Conclusion is, if your gameplay requires trusted clients, you've already lost.

Alternative solution is to develop for consoles, where malicious behavior is controlled to a degree.

#19 glhf   Banned   -  Reputation: -585

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Posted 07 April 2012 - 11:09 AM

You could do something like, shoot a ray from the player, to all enemy's players, and see if it's possible to see them on the server, if so, the server sends a draw command for the enemy player. so the client can never actually "see" a player, until the server says so.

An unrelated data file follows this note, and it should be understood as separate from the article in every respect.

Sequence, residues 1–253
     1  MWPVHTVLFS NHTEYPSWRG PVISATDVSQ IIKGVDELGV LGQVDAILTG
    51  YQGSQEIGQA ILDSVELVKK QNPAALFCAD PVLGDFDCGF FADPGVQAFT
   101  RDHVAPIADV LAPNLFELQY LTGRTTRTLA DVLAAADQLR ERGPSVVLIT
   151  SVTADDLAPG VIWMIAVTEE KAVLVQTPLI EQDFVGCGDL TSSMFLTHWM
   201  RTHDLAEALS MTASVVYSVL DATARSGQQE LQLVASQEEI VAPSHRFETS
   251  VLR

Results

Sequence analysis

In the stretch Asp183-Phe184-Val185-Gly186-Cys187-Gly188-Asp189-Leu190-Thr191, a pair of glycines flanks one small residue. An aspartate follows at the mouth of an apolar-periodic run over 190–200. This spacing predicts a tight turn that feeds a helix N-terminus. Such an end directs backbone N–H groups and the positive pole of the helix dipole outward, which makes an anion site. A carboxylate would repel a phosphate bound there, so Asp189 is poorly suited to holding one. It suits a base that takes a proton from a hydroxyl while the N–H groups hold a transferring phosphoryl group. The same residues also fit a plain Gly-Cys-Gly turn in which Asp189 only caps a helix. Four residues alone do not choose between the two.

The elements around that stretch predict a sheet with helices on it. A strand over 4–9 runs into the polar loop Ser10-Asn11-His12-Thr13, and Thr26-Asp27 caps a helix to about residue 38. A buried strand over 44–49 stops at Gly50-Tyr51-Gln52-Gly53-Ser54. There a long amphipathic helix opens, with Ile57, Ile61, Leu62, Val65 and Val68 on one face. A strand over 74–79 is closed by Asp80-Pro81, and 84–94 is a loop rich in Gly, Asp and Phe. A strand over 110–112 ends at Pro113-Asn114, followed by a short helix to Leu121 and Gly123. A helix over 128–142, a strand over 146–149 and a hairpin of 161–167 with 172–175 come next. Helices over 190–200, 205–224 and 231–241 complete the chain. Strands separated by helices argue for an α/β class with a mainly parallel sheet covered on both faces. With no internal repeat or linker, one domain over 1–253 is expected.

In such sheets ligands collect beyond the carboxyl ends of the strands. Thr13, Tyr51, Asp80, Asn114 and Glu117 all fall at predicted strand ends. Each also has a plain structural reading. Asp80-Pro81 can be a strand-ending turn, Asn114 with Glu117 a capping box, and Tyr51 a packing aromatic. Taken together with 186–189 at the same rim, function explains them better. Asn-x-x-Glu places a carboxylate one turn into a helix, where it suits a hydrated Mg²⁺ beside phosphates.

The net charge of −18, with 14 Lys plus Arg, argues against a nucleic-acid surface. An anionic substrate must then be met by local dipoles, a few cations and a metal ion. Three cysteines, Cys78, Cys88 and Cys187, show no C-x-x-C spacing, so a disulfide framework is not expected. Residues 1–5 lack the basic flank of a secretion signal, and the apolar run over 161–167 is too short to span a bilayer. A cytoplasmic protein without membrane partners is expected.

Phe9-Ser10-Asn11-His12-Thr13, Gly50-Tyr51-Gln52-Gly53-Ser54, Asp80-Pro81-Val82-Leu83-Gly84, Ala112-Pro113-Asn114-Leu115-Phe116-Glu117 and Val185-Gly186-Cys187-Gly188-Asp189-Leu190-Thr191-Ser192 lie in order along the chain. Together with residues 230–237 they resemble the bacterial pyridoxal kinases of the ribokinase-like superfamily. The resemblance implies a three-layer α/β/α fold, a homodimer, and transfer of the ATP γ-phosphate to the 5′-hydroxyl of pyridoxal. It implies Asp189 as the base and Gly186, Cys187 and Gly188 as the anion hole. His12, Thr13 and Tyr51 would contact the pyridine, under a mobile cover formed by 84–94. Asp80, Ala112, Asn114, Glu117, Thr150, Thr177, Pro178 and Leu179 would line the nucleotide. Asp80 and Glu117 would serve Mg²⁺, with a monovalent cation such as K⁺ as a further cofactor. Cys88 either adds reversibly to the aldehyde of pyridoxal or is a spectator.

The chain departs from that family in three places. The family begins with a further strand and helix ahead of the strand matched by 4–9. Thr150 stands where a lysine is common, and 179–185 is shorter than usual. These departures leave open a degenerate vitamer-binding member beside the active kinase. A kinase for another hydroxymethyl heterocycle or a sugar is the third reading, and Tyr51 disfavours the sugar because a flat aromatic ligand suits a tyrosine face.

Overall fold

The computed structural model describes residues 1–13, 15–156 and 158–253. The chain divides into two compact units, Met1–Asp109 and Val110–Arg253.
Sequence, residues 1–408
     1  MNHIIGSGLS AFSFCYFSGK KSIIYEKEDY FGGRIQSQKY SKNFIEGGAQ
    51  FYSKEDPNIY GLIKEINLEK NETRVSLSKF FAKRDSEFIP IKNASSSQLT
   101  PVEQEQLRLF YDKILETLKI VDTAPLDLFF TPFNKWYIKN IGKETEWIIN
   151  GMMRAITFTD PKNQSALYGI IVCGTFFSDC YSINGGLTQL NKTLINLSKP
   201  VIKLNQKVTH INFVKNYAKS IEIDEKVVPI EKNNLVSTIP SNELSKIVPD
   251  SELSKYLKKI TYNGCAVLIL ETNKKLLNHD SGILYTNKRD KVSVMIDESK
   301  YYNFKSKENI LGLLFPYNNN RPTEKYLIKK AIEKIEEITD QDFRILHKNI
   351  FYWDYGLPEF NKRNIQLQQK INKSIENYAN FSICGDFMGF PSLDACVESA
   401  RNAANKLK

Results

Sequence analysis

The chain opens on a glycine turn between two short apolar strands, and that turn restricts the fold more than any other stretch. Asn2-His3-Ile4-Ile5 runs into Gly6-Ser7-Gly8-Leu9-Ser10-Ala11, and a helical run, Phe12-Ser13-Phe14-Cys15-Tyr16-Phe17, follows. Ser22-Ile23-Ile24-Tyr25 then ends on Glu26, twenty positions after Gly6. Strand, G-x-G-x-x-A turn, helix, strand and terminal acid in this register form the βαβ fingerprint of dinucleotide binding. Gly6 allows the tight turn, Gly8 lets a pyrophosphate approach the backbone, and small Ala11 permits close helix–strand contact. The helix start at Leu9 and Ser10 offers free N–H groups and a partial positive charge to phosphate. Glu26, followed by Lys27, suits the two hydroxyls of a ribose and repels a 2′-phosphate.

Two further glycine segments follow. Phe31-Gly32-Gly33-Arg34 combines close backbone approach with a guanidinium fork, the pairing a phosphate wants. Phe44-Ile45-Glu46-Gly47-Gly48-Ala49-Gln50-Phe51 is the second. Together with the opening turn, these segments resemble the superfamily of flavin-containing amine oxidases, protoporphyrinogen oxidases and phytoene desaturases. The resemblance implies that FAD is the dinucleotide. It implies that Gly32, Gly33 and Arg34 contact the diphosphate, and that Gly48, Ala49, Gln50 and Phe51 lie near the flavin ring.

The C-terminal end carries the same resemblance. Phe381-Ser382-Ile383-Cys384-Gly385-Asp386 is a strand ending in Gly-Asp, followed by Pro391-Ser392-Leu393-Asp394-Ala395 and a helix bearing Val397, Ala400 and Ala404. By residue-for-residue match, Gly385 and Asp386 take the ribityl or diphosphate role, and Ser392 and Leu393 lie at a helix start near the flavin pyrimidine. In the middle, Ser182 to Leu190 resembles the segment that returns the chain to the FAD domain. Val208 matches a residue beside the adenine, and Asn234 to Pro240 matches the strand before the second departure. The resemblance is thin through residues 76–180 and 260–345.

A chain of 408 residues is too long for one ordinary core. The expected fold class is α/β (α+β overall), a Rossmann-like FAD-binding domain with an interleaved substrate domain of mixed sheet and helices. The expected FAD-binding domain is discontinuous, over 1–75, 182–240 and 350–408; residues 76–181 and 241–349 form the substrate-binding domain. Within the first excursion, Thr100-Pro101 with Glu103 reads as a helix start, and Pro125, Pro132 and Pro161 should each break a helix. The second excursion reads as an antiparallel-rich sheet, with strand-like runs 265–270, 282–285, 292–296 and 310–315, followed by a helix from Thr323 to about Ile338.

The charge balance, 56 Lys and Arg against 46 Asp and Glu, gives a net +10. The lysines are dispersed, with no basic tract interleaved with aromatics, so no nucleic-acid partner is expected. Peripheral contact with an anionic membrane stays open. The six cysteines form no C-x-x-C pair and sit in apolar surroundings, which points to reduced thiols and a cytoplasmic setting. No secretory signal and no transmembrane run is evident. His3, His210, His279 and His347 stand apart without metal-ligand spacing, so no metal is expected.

but that would be alot of backend work for the server, per match. it's pretty unrealistic imo. As well, for people with slower connections, they are pretty much screwed.


I like the rays idea.. But would still be slightly unfair.
For example.. Some leaves are covering top half of body on a character a bit in the distance while he's running between trees.
But the cheater who has no trees or leaves or any obstacles blocking view.. he will have it really easy to see the half body running in the distance when there's nothing for it to blend into or distract the view. Plus it sounds difficult to only render parts of the body depending on what the rays hit. And then as you say it's probably too much server work.


So instead of asking how to prevent the cheaters..
I'll ask now what are some easy + efficient ways to detect if a player has altered the game?